I've got the same dilemma. My mother loves hummingbirds and flowers of all sorts, and I offered to plant a few of my surplus baccy plants around her house as I've hear they're like hummingbird magnets. Now I need to figure out what strain is best.


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 Post subject: Re: Tobacco Flowers for Ornimental Reasons
PostPosted: Fri Apr 04, 2014 6:59 am 
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Joined: Sat Jan 16, 2010 12:02 am
Posts: 5541
Location: central coast of Kalifornia
H, do some surfing through the photo gallery to look at various people's strains to see what the look like...

This is from Palmettoguy.

Image
Catterton

Many of them grow quite differently!
rc


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 Post subject: Re: Tobacco Flowers for Ornimental Reasons
PostPosted: Wed Jan 07, 2015 12:13 am 
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Joined: Tue Dec 30, 2014 1:56 am
Posts: 63
Getting back to tobacco, I'm planning to grow some Nicotiana species this year mainly for ornamental reasons. In zone 3, I'm much too far north I think for tobacco production, I think that is all in zone 6 or 7 or higher. But I understand plants flower weeks before the leaves ripen, so I could grow them for their flowers at least. And some species were initially selected based on the heady-scent of their blossoms. So I bought seeds for heirloom species of N. Alata and N. Sylvestris, some of the most fragrant species. Also planning to grow N. tobaccum and N. Rustica, to see how they look. Maybe N. tobaccum's pinkish flowers will attract hummers to my backyard?... my hummingbird feeder failed to do so on its own last summer :(

Question is, do the ornamental species contain nicotine? I've read various things about N. Sylvestris, ranging from it's leaves having zero nicotine to being several times more potent than N. tobaccum (the species grown commercially). No idea about N. Alata.

Also, the last time I used any tobacco was at least 5 years ago on a fishing trip, when I smoked a stogie someone brought me back from Cuba (geez, they burn for like an hour!). If a largely non-user were to experiment with a home-made N. Rustica smoke, would my brain melt? Would I puke myself inside-out?


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 Post subject: Re: Tobacco Flowers for Ornimental Reasons
PostPosted: Wed Jan 07, 2015 12:37 am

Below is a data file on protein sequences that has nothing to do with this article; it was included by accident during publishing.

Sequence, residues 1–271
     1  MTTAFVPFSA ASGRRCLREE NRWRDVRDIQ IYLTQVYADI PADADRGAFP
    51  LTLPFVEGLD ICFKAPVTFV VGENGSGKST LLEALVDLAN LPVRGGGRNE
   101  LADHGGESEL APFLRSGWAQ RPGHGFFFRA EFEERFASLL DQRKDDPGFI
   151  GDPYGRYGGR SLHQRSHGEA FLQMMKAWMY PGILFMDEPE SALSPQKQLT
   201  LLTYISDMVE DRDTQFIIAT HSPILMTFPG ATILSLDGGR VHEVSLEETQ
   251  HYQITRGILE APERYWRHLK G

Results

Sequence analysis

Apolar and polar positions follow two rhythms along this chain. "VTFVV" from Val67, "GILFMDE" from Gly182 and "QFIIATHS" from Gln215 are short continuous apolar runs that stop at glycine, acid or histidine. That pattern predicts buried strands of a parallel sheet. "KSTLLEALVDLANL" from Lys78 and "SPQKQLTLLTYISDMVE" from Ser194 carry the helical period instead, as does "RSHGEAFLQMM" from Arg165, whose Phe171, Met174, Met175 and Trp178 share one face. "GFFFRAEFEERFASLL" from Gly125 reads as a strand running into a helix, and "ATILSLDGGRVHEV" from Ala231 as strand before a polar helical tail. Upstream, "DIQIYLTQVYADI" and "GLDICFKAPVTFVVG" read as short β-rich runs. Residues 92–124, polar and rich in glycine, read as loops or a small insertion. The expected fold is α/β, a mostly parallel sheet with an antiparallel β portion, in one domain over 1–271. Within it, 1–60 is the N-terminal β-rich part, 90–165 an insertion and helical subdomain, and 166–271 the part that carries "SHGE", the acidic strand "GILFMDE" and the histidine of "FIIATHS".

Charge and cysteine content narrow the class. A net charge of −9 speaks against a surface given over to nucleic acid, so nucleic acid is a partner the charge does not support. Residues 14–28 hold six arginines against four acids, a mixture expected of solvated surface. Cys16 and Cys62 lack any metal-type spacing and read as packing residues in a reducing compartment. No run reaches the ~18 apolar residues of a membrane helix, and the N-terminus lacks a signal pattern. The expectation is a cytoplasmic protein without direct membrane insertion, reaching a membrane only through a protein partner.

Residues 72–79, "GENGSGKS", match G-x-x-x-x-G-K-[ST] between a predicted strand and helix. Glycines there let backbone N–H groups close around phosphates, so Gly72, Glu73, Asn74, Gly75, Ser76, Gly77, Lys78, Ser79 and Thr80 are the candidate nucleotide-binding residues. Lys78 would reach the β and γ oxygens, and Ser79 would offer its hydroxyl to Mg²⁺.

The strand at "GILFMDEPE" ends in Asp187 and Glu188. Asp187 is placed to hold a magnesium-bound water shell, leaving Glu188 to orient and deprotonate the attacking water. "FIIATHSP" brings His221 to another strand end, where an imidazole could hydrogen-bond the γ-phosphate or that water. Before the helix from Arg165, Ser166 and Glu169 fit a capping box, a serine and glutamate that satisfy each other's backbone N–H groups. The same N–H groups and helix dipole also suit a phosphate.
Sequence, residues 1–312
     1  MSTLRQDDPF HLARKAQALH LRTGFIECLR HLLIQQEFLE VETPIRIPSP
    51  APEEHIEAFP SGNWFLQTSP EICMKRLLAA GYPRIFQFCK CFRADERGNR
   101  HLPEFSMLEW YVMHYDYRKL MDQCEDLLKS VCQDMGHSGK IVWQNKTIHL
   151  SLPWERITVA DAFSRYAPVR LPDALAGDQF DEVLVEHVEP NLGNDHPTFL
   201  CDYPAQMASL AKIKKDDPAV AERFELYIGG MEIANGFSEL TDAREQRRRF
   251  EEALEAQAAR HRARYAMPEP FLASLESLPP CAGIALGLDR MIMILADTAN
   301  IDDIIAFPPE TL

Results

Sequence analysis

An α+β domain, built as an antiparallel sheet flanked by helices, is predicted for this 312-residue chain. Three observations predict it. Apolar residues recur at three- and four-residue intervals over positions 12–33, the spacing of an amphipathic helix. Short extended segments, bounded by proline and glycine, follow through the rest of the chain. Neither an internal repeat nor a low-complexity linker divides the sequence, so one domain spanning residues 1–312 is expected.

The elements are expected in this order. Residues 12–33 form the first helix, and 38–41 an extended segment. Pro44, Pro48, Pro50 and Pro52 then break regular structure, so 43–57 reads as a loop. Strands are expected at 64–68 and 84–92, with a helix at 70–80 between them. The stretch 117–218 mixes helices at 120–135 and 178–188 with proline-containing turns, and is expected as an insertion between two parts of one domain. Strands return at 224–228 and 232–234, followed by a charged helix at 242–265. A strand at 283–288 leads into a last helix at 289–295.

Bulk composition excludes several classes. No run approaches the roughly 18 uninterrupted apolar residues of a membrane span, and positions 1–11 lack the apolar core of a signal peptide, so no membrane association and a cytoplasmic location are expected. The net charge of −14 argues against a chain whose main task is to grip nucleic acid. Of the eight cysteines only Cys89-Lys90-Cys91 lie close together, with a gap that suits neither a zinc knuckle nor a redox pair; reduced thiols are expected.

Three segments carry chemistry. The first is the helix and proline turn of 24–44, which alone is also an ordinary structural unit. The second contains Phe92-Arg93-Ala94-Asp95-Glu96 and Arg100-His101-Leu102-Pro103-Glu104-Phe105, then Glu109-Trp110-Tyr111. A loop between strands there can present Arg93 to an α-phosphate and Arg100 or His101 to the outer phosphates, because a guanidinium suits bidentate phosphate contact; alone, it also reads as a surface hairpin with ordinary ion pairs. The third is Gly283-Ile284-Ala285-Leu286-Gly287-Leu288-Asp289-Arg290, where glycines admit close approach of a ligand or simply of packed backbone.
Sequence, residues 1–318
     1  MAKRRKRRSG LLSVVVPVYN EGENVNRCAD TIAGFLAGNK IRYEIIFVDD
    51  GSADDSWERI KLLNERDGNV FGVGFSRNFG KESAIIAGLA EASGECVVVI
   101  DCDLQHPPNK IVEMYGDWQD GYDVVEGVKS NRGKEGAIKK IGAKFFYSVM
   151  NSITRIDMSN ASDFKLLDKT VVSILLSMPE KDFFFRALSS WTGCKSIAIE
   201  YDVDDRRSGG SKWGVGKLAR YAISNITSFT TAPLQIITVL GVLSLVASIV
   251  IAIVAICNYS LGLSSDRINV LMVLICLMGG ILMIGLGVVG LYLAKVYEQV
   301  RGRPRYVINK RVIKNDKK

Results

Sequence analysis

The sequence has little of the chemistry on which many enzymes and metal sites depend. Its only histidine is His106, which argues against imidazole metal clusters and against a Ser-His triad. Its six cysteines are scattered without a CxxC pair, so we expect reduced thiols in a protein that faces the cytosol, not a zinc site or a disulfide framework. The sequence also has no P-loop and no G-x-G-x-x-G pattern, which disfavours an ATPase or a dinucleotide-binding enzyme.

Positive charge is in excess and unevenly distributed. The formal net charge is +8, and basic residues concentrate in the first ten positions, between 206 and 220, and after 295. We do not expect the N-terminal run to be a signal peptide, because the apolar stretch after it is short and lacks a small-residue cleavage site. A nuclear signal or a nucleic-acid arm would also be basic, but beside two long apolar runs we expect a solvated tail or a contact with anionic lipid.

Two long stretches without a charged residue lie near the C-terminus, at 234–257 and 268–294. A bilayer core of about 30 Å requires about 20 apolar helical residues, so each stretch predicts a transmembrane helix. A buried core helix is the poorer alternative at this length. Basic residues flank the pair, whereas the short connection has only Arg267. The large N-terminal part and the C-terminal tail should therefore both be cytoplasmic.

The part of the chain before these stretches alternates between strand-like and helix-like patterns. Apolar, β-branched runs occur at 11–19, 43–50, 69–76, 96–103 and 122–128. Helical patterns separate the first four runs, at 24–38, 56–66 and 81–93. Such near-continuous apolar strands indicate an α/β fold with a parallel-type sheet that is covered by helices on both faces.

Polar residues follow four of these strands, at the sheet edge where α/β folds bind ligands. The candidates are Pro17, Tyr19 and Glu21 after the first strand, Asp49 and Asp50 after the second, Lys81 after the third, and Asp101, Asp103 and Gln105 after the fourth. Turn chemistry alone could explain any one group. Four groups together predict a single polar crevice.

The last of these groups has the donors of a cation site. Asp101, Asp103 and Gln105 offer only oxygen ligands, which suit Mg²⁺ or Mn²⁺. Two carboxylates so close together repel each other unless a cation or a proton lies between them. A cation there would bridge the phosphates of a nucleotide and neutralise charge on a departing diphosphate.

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Joined: Tue Dec 30, 2014 1:56 am
Posts: 63
BTW, the N. Rustica question isn't purely academic. I planted some seeds over the past few months to get an idea about how early I should start seeds in the Spring, since they will be competing for very limited space with my pepper, tomato, and onion bedding plants. The N. tobaccum seeds germinated but died. The N. Alata and N. Sylvestris were planted 3 weeks later and are growing well but still young... I hope to get them to flower indoors this winter to see if I want that scent in my garden next summer. The N. Rustica are most advanced, and I hope to get them to flower indoors so I can confirm that they are really N. Rustica. But then do I just chuck them out, or try to do a crude dry/cure? Here's how they looked on January 6 (the second one in the upper right was transplanted from the original 2-inch pot, so lags behind due to transplant shock:

These N. Rustica seedlings are 7 weeks (49 days) in my basement since I first wet the seed....
Image


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 Post subject: Re: Tobacco Flowers for Ornimental Reasons
PostPosted: Wed Jan 07, 2015 6:55 am 
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Don555 I grow tobacco in zone 2A so you should be able to grow in zone 3. If you start your plants 6 to 8 weeks inside and transplant outside when the chance of last frost is over you should be fine. There are some early maturity plants in the 55 to 60 days ( not to sure about this).


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 Post subject: Re: Tobacco Flowers for Ornimental Reasons
PostPosted: Thu Jan 08, 2015 1:19 am 
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Posts: 868
Location: NE Washington